Due to some of these extenuating factors it is easy to see why some believe Constantine’s conversion was dubious at best or a product of political expediency (Cairns 119). Although these shortcomings show Constantine in a poor light, it is clear Constantine was not a political novice or incompetent ruler. He seemed intelligent and has past history to draw off of to help gauge his decisions. He would’ve been able to see the foolishness of enforcing unpopular and impactful mandates. History had shown that unreasonable or impetuous Roman emperors usually ended up dead or assassinated. Constantine having a track record of prudent decision making appears to have eased the Christian faith into the empire through a series of carefully arranged declarations. He didn’t so much command as much as he convinced people through subtle involvement that incorporated Christianity and the secular via councils, creeds and canon. Is this not the call of a true Christian leader? Teaching patiently with a gentleness of spirit? Constantine may have been hostile with usurpers but within the context of the Church he was gentle if not benevolent. This demanded of him a consistency of character though time towards the Church. This perhaps is another evidence of a lasting change favorable to Christian conversion. In light of this profound impact, by the time of Theodosius I in 380 (50 years after Constantine’s death) we see Christianity instituted as the state religion (Cairns 120; Shelly 96).

The truth is, it’s impossible for a man to judge another man’s heart. We can only rely on their actions and words to gauge whether or not a person truly has the Spirit of Christ in them as this is the only gauge for us to match people up against Scripture. Herein lie the premise for my conclusion.

In the end, Constantine’s inner faith, just like everyone else’s remains unknowable except to God. It is clear that regardless of his motives, Christianity benefited thereafter enormously. Although it is not fully evident what happened at the Milvian Bridge on the Tiber River, what is clear is that something took place that literally changed the course of history. A leader clearly outnumbered succeeds in defeating a superior foe and Christianity benefited because of it.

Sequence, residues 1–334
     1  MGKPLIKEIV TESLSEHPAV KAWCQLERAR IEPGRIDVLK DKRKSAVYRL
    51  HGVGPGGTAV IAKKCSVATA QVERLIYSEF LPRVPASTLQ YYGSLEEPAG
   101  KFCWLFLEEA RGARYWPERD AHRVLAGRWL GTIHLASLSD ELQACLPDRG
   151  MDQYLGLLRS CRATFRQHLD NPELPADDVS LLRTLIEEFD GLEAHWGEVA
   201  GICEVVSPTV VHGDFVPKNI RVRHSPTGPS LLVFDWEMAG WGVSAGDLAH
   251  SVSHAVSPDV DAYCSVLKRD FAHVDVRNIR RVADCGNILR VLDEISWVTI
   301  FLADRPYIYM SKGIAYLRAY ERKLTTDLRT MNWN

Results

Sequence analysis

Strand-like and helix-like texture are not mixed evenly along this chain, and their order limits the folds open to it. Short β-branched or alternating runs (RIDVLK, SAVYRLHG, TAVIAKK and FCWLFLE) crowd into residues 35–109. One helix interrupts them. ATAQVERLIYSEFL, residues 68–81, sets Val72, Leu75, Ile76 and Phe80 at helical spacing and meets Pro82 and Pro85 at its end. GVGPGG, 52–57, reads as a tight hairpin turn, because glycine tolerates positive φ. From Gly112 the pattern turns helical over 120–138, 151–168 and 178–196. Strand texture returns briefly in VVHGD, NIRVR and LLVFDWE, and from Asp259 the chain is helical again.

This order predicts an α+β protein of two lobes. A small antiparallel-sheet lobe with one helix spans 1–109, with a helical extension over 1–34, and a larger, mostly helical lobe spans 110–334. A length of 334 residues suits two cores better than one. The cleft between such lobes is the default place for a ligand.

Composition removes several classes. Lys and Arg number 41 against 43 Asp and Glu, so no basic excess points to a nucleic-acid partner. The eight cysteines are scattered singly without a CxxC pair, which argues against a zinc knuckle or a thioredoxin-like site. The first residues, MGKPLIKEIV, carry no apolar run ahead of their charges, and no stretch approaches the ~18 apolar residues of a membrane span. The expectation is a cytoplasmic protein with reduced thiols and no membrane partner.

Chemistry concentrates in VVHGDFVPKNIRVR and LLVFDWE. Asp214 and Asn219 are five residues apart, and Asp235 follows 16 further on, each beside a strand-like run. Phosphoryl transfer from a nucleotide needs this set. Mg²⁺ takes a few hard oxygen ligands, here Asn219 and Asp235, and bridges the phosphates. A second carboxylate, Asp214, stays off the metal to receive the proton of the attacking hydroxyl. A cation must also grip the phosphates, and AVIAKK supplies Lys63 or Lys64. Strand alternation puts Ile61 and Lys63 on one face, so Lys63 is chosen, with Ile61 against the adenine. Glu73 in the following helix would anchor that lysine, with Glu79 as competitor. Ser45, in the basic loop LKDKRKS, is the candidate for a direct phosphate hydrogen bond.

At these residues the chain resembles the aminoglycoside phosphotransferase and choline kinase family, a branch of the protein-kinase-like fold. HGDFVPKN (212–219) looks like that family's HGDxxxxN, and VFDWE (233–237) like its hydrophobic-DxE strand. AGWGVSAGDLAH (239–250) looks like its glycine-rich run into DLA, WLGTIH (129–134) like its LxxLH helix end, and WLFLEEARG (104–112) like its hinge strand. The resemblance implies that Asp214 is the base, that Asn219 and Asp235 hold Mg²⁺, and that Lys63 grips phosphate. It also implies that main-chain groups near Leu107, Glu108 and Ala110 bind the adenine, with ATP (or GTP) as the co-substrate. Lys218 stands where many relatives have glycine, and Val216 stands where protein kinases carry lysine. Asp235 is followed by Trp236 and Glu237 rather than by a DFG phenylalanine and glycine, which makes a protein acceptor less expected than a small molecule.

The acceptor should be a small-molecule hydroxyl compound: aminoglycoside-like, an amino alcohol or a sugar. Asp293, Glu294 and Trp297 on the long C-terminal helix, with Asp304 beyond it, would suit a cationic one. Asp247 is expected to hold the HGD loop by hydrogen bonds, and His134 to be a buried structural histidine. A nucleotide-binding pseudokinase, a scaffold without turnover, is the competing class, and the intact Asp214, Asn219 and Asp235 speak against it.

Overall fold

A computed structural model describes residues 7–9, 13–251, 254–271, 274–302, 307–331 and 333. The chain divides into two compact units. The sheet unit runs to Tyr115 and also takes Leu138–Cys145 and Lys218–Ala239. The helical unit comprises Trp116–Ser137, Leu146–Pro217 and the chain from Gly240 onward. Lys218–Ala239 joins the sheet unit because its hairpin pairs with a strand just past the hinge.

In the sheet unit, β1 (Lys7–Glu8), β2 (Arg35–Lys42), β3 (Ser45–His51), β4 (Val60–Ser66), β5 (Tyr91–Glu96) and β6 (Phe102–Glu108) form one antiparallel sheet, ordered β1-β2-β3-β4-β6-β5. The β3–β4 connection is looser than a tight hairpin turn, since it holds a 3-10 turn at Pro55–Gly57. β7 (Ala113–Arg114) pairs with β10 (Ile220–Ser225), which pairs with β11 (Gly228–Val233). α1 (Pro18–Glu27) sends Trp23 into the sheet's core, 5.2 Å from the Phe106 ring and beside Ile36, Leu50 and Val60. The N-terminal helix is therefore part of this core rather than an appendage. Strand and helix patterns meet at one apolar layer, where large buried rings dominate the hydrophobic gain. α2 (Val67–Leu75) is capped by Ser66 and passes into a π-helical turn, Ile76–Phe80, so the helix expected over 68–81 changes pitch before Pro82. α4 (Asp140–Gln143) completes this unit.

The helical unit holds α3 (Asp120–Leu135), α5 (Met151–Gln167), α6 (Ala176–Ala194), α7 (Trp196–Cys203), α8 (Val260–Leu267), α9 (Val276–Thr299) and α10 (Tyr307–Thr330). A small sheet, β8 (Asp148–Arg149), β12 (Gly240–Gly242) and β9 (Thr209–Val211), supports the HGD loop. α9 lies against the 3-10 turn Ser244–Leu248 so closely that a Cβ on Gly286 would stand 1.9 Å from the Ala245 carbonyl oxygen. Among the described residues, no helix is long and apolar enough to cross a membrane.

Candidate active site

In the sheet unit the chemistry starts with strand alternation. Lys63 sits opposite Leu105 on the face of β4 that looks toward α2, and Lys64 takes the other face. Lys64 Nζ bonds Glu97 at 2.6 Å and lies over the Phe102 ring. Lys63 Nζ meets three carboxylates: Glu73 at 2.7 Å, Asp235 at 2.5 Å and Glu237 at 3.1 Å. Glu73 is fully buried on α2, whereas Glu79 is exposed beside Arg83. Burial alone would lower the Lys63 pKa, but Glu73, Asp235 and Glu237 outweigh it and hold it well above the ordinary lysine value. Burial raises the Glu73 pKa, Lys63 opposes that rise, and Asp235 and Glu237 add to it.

At least momentarily there was a conviction great enough for Constantine to believe that he could defy odds and gain a victory through or because of something directly related to Christ or Christianity. It is a remarkable fact that the underling impetus for a massive swing of history stemmed from cuneiform or Christian-like origins, regardless of whether Constantine premeditated it or not (Nicholson 323). This brought at least some glory to God through the mostly unmolested spread of the Christian faith directly afterwards (at least for a while). To me this is a striking parallel to the story of Nebuchadnezzar in Daniel. Whether by volitional action of the participant or involuntary action we see history move forward to the ends that God determines. I believe this is one of the keys to seeing the truth of Constantine’s conversion. I suppose what we see in Constantine is probably a true Christian man with a great deal of power and wealth…and also a large amount of human foibles and entrenched sin like Solomon. I believe Constantine may very well have accepted the Lord but did not allow the Holy Spirit to transform his walk the way it could have. To me the question isn’t so much: Did he convert? The question I believe is more properly framed: How much or to what degree? The scope of this paper can only superficially skim the surface of many of the complex issues presented to us about the conversion of Constantine. We see that he did certain things that could potentially be construed as fruits of the Spirit and signs of an inward conversion. There are also things that show a lack of faith and do not reflect the Spirit of Christ very well, if at all. This I believe is the dividing line between whether a genuine conversion did or did not take place. Having said this it leaves us as humans to decide from what we can observe empirically whether or not Constantine had a true conversion or pretended to have one for political ends.